EconPapers    
Economics at your fingertips  
 

Bayesian modelling of catch in a Northwest Atlantic Fishery

Carmen Fernandez, Eduardo Ley and Mark Steel ()

Edinburgh School of Economics Discussion Paper Series from Edinburgh School of Economics, University of Edinburgh

Abstract: We model daily catches of fishing boats in the Grand Bank fishing grounds. We use data on catches per species for a number of vessels collected by the European Union in the context of the Northwest Atlantic Fisheries Organization. Many variables can be thought to influence the amount caught: a number of ship characteristics (such as the size of the ship, the fishing technique used, the mesh size of the nets, etc.), are obvious candidates, but one can also consider the season or the actual location of the catch. Our database leads to 28 possible regressors (arising from six continuous variables and four categorical variables, whose 22 levels are treated separately), resulting in a set of 177 million possible linear regression models for the log of catch. Zero observations are modelled separately through a probit model. Inference is based on Bayesian model averaging, using a Markov chain Monte Carlo approach. Particular attention is paid to prediction of catch for single and aggregated ships.

Keywords: Bayesian model averaging; categorical varaibles; Grand Bank fishery; predictive inference; Probit model (search for similar items in EconPapers)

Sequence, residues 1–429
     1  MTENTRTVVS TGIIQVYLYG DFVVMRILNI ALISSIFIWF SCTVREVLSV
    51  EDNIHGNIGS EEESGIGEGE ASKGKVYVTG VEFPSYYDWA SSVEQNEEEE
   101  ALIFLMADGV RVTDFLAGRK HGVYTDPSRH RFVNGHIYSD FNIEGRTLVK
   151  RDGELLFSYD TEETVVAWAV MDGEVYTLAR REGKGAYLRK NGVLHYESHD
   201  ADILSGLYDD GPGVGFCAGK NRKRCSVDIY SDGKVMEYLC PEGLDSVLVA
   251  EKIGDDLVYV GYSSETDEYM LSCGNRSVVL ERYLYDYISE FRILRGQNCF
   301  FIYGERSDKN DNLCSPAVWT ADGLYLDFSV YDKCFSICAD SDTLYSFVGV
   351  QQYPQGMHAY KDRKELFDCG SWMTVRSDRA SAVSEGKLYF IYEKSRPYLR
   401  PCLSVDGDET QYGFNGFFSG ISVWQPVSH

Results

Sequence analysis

Pages: 31
Date: 2001-11
References: View references in EconPapers View complete reference list from CitEc
Citations: Track citations by RSS feed

Downloads: (external link)
http://www.econ.ed.ac.uk/papers/id67_esedps.pdf

Related works:
Journal Article: Bayesian modelling of catch in a north‐west Atlantic fishery (2002) Downloads
Working Paper: Bayesian Modelling of Catch in a Northwest Atlantic Fishery (2001) Downloads
This item may be available elsewhere in EconPapers: Search for items with the same title.

Export reference: BibTeX RIS (EndNote, ProCite, RefMan) HTML/Text

Persistent link: https://EconPapers.repec.org/RePEc:edn:esedps:67

Access Statistics for this paper

More papers in Edinburgh School of Economics Discussion Paper Series from Edinburgh School of Economics, University of Edinburgh 31 Buccleuch Place, EH8 9JT, Edinburgh. Contact information at EDIRC.
Bibliographic data for series maintained by Research Office ().

 
Page updated 2022-10-04
Handle: RePEc:edn:esedps:67